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  1. #1
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    Affordable road bike for petite woman

    So, my husband and I have started to get into distance road cycling. We both bike to work, to see friends, to the grocery store, etc. We love the distance cycling--all that space without stoplights, taxis, buses, or diplomats (we live in DC)!

    My husband has a 10 speed fuji del rey--it's not ultra fancy but it's fast and light. I have a raleigh marathon mixte frame, single speed. On a long bike ride, I get really really exhausted trying to keep up. Afraid I have to get gears for distance cycling, even though it is a hard concession (I LOVE my single speed).

    So I was trying to get an affordable road bike. Two problems with this: 1) there aren't many affordable road bikes at all and 2) I'm 5'2" with a 30" inseam (and so very short torso) and I weigh 110 pounds. I tried to get the Sheila Dawes road bike, but everyone seems to be out of the extra small. Any other suggestions?

    Also if anyone in the DC area has an acceptable bike that's affordable, feel free to email me at my personal email rustmyrtle@yahoo.com. Only interested in bikes that are in excellent condition.

    Thanks for your help!

  2. #2
    Senior Member Tapeworm21's Avatar
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    Define: Affordable
    2009 Specialized Tarmac Pro SL SRAM
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  3. #3
    Senior Member sfcrossrider's Avatar
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    http://www.gtbicycles.com/usa/eng/Pr...ens/Road/#5609

    A friend of mine got one last week at Performance for $475. She's your size, and the bike fits her great.
    Quote Originally Posted by BikeIndustryGuy View Post
    I guess the feel good aspect of this story is that the perpetrators did this as a couple. It's nice to see people coming together with a common love of cycling and assault.

  4. #4
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    Once again, depends on your definition of affordable. My girlfriend is even more petite than you. She ended up deciding on the Felt FW40 in 650c. She got an 08 for $600. Look for past year models now that the 09's are coming out.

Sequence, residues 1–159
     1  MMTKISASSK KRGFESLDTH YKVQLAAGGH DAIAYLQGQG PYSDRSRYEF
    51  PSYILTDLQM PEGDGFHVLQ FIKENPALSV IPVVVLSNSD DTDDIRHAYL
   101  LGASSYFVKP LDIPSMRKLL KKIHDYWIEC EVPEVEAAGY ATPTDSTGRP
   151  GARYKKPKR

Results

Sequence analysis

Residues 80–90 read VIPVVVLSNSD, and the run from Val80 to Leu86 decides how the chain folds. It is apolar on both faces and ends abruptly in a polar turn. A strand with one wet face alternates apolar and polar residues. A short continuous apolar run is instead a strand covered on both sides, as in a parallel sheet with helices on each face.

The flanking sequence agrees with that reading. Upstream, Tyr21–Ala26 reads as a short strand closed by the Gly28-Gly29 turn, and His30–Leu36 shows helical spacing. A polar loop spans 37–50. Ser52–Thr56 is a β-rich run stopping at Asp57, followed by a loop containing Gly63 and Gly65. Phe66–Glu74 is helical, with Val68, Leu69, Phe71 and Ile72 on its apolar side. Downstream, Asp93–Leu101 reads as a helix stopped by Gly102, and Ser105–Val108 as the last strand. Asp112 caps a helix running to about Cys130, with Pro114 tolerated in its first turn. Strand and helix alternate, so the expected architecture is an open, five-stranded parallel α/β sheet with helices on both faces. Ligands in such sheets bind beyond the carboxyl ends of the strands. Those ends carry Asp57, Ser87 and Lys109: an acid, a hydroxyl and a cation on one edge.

http://www.feltracing.com/08/product...,1508&pid=8698

  5. #5
    Senior Member AnthonyG's Avatar
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    Seriously I recommend you at least look at one of these,

    http://www.trekbikes.com/us/en/bikes..._9_12/kdr1000/

    Yes its a juvenile bike with 24" wheels but it will be the closest by far to actually fitting you properly at reasonable price. I ride a custom 650c wheeled bike which in many respects is actually smaller than this but as far as off the shelf affordable bikes go this is the one that comes closest to fitting me and I'm only half an inch shorter than you.

    Please note that I don't think that this bike will fit you perfectly straight out of the box but if you fit a longer high rise stem to bring the handlbars forward and up plus a rear set seatpost to move the saddle rearwards (despite what the specs on the website says it actually has a very steep seat tube angle) then it will be VERY close to being the right fit.

    Here's my custom 650c wheeled bike,



    Fits me better but its quite expensive to custom build. The cranks on my bike are even shorter than the 150mm cranks on the Trek but since you legs are longer than mine that will suit you better than me. Your relatively long legs and short torso will be quite hard to accommodate and that's why I think fiddling around with the Trek KDR 1000 will be your best bet by far.

    Regards, Anthony

  6. #6
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    The entire thing hinges on what you mean by "affordable." For some, that could be $15,000. For others, it's $10.
    -------

    Some sort of pithy irrelevant one-liner should go here.

  7. #7
    CPM M4 BananaTugger's Avatar
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    Ten tenths.

  8. #8